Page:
Editor’s Note: This is a guest blog contributed by the Samsung Open Source Group.
This year’s LinuxCon & Kernel Summit North America were notable for several reasons, not the least of which included being able to see the scenic views of downtown Chicago through the hotel lobby windows!
Below, the Samsung Open Source Group will share our top highlights of the conferences, as well as look forward to what we can expect from LinuxCon Europe next month in Germany.
Linux Kernel Topics (of course)
There were a lot of kernel topics discussed (to be expected). One that came to the forefront in both the kernel summit as well as the LinuxCon Kernel Panel discussion was the kselftest effort that Shuah Khan, Senior Kernel Developer with Samsung’s Open Source Group, has put forth and is now leading as the maintainer.
The goal of the kselftest effort is to improve initial Kernel bring-up testing. To do this, the community believes tests need to run quickly, to serve as a basic sanity check, instead of a full-scale stress test.
Media was also a big kernel topic, including a presentation by Mauro Chehab, multimedia maintainer and kernel developer from Samsung’s Open Source Group. He talked about the Kernel and userspace challenges related to build Linux support for wordwide digital TV support, showing the differences between the several standards.
The Kernel tinification project also generated a lot of discussion. The goal is to reduce the Kernel footprint, in order to allow it to run on really small devices. One of the issues was a question of what was actually driving this, because there is no clear hardware actually demanding it (yet).
Morten Rasmussen from ARM presented a report from the Energy-Aware Scheduling session and highlighted next steps. This work has been in progress for two years and is addressing concerns from the Linux kernel community. At the 2013 kernel summit, the need for a set of metrics and benchmarks to evaluate the energy-aware scheduler was identified. This year, two tools developed by Linaro are used to measure and evaluate the scheduler work. These tools are a good start and community feedback will determine how useful they are.
The Linux Foundation introduced certification for System Administrators and Engineers. The certification tests are available online for anyone to take anywhere, and are designed to evaluate the ability to solve real problems as opposed to testing an individual’s theoretical knowledge of the subject matter. Beware, there are no multiple choice questions on these to allow for guess work. Staying true to the Linux ecosystem’s choice and flexibility, these certifications provide choice of CentOS, openSUSE, or Ubuntu. This new certification program will enable employers to assess Linux talent when hiring or promoting their own engineers.
Gaming & Graphics
A talk by Keith Packard detailed the ways in which Valve had managed to utilize the Xorg display server for commercialization on their SteamOS gaming platform. The points that he showed proved that there are still companies interested in both leveraging and giving back to FOSS, and that gaming on Linux has never been in a better state than it is today as a direct result of the existing software stack.
A presentation co-delivered by Lars Bergstrom from Mozilla and Mike Blumenkrantz from Samsung’s Open Source Group described the Servo parallel browser engine and its underlying programming language, Rust. The engine has been developed from scratch over the past several years with a focus on memory usage and adherence to existing web specifications. It’s even more unique due to the project’s decision to reuse an existing and much-used API for application embedding instead of attempting to create a new one.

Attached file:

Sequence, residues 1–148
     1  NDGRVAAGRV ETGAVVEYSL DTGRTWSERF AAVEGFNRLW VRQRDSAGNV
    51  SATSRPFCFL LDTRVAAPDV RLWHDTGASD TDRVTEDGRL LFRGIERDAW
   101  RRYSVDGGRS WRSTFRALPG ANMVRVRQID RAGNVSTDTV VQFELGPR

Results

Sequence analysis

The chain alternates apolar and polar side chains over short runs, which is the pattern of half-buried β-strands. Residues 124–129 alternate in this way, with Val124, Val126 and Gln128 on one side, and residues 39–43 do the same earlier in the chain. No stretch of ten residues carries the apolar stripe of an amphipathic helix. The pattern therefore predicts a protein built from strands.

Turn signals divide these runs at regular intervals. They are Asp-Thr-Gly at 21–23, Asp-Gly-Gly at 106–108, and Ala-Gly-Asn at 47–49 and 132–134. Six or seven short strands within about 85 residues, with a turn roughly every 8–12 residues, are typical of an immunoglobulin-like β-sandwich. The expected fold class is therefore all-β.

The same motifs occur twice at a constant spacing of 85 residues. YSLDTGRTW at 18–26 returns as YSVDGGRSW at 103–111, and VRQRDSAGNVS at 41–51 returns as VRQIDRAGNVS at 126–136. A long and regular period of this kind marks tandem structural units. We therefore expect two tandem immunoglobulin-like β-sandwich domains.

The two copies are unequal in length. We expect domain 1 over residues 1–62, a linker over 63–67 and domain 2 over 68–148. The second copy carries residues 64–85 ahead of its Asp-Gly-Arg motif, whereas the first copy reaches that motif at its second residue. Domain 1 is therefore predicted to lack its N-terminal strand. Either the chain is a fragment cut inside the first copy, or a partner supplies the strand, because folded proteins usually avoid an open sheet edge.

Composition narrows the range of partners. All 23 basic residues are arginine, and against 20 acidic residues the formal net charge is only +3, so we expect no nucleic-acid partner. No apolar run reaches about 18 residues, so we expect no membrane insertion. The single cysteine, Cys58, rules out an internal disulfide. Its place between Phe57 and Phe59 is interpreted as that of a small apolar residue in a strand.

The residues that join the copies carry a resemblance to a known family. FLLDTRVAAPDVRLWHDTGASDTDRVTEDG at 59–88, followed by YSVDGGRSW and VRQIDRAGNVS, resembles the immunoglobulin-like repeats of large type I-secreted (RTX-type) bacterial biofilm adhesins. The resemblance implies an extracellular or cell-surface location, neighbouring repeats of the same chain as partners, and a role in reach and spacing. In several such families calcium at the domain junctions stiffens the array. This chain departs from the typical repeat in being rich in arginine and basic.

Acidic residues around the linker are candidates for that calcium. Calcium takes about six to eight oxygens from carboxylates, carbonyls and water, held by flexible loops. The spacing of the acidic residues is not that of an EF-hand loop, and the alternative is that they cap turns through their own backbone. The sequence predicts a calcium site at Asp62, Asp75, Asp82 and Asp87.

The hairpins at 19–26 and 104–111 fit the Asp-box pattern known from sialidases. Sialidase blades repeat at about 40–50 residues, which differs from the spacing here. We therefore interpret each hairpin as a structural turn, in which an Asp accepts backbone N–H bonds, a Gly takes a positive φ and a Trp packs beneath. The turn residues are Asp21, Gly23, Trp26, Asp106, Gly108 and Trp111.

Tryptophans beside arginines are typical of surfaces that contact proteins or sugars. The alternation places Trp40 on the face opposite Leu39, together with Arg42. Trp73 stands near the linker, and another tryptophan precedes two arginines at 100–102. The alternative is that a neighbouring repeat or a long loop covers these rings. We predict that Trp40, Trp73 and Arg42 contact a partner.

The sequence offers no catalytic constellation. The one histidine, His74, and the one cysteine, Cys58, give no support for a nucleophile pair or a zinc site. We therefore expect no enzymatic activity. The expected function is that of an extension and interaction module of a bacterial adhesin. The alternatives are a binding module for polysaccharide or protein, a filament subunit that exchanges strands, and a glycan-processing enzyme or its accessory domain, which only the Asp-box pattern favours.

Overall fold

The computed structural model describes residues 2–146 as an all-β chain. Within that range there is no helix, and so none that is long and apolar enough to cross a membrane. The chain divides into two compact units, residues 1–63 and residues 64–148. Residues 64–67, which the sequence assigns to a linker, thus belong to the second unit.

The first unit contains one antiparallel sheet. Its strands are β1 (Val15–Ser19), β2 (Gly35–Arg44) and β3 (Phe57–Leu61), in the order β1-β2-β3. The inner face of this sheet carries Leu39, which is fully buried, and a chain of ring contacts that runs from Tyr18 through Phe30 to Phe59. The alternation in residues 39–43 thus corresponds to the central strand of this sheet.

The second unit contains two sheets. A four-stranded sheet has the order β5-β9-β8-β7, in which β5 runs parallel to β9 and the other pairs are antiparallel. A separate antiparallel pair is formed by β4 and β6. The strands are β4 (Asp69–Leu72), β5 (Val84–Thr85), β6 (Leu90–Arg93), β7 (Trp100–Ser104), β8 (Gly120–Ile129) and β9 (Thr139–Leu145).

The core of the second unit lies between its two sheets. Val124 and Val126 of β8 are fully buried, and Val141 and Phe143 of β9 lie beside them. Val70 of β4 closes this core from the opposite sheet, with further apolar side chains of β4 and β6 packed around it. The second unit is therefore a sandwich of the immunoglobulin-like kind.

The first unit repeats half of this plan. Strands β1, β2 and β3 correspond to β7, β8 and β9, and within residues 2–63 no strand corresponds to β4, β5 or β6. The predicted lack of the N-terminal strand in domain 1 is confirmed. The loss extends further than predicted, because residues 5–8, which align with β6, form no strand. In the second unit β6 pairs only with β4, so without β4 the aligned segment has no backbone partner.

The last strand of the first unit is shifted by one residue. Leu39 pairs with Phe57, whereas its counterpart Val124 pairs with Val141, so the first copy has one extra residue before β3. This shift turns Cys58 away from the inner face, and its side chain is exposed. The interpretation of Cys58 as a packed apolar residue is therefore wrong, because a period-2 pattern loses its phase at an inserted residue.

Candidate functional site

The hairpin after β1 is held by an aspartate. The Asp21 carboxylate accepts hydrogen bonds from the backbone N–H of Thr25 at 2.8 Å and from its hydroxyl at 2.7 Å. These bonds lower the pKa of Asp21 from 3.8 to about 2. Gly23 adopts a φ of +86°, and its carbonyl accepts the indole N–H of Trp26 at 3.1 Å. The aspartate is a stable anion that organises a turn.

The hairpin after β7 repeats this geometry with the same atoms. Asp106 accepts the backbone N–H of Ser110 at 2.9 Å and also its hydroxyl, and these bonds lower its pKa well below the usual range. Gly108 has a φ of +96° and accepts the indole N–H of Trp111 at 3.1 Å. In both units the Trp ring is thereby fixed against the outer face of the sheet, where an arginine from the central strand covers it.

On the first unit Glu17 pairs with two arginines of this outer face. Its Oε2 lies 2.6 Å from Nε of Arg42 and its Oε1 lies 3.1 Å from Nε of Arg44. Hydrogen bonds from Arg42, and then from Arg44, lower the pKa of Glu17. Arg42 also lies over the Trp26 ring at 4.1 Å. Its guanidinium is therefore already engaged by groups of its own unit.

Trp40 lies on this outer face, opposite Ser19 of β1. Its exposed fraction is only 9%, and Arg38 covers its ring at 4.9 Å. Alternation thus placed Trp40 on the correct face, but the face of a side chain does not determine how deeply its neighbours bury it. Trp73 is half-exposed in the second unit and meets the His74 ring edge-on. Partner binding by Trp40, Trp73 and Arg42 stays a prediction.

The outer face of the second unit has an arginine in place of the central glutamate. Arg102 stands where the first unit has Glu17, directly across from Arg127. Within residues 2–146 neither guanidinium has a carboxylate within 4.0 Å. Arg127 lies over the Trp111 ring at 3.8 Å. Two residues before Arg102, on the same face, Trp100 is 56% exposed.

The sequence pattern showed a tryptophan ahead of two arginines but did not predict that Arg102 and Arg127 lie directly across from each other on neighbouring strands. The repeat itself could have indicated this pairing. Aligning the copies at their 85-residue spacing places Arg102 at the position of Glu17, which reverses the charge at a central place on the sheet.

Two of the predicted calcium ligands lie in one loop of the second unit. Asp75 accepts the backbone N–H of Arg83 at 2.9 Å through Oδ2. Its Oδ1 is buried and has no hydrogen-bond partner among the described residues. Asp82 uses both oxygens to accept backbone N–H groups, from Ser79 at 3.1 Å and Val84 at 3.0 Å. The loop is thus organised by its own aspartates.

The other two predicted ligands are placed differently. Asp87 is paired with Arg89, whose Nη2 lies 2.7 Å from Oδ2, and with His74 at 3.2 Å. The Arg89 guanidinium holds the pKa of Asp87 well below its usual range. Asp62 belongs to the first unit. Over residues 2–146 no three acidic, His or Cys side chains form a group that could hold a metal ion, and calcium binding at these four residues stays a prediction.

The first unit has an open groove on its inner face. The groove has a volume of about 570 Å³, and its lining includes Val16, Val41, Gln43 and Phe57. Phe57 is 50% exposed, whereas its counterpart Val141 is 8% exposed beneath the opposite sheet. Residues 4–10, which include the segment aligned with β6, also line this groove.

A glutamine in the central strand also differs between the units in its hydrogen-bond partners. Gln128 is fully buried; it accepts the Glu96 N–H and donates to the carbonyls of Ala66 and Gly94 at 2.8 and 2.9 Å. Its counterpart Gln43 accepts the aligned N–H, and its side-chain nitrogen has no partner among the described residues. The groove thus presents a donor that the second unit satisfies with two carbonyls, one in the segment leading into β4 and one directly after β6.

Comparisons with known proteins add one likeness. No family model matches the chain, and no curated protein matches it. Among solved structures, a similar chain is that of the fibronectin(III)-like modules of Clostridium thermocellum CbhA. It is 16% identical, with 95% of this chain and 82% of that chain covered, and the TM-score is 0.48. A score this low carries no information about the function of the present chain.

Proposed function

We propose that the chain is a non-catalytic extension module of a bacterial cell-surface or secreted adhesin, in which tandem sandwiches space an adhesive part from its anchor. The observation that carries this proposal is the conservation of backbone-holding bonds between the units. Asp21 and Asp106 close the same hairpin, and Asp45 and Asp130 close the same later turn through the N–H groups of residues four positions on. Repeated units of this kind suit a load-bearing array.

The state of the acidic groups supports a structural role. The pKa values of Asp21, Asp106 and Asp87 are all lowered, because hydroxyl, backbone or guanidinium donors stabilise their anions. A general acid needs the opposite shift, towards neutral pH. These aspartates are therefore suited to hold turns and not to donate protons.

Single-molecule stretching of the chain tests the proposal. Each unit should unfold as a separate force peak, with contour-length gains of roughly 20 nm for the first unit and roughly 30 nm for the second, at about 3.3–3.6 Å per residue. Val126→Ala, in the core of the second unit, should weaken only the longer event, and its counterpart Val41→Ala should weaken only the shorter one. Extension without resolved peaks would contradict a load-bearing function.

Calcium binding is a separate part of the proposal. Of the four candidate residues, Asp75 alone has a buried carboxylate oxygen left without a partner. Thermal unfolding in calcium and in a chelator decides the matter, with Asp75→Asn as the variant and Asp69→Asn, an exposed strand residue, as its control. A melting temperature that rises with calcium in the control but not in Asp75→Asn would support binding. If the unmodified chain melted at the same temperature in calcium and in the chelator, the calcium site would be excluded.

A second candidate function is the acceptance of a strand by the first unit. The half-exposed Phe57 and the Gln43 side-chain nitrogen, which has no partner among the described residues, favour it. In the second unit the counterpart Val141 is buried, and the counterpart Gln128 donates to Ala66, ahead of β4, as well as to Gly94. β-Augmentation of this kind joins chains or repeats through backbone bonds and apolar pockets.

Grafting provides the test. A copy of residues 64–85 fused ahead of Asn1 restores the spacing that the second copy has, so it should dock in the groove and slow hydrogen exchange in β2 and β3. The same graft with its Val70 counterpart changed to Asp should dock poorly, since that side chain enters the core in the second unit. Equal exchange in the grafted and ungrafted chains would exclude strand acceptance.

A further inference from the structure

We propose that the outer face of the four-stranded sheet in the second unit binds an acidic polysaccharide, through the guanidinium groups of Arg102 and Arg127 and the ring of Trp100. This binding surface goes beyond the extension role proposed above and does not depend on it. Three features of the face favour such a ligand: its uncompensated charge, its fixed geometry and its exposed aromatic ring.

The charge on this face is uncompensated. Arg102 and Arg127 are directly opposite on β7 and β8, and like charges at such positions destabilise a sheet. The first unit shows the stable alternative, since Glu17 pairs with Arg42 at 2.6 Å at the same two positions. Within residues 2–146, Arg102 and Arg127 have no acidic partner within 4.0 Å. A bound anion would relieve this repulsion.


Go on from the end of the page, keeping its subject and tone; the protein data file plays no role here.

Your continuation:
Open Source Ethos
Even in a highly technical conference environment, sessions on how to utilize the Open Source Way, ethos and development processes attracted a good audience. Guy Martin, Senior Strategist from the Samsung Open Source Group moderated a successful & well-attended panel with open source community luminaries Jono Bacon, Karl Fogel, Leslie Hawthorn and Karsten Wade. The panel (Empowering Corporate Open Source Developers) proved entertaining for the variety of opinions presented, and had a large amount of audience participation as well.
Guy also presented a shortened version of his ‘Developing OSS Leadership’ training course, which he also gave at LinuxCon Japan. This was in the last time slot of the conference, and though he expected to be talking to himself and a few diehard Samsung team members, the talk was well attended, with an engaged audience that asked good questions and kept him after his presentation for almost 30 minutes to ask more detailed questions.
The Networking (Human, not Computer)
As always, some of the most useful interactions happened as part of the ‘Hallway Track’ – colleagues and friends finding a quiet corner to catch up, discuss the latest things they were working on, or just hang out.
Also, the event at the Museum of Science & Industry was a great time for everyone who attended. The exhibits were fun and educational, the food was delicious, and the indoor quadcopter flying around didn’t result in any injuries or damages. 🙂
Looking Forward to Germany…
There are already some great sessions lined up for LinuxCon Europe in Germany, and the Samsung Open Source Group is excited to be a part of this, with Mike Blumenkrantz and Guy Martin reprising their sessions at this edition of the event.
Additionally, Dr. Ibrahim Haddad, Head of the Samsung Open Source Group, is planning an entertaining talk on open source compliance (yes, it can be entertaining!) and the Enlightenment for Linux (EFL) team will be well represented with numerous technical presentations, as well as their developer day co-located with the event.
Of course, it’s Germany, so we hope our friends at the Linux Foundation are planning a special beer-themed social event… 🙂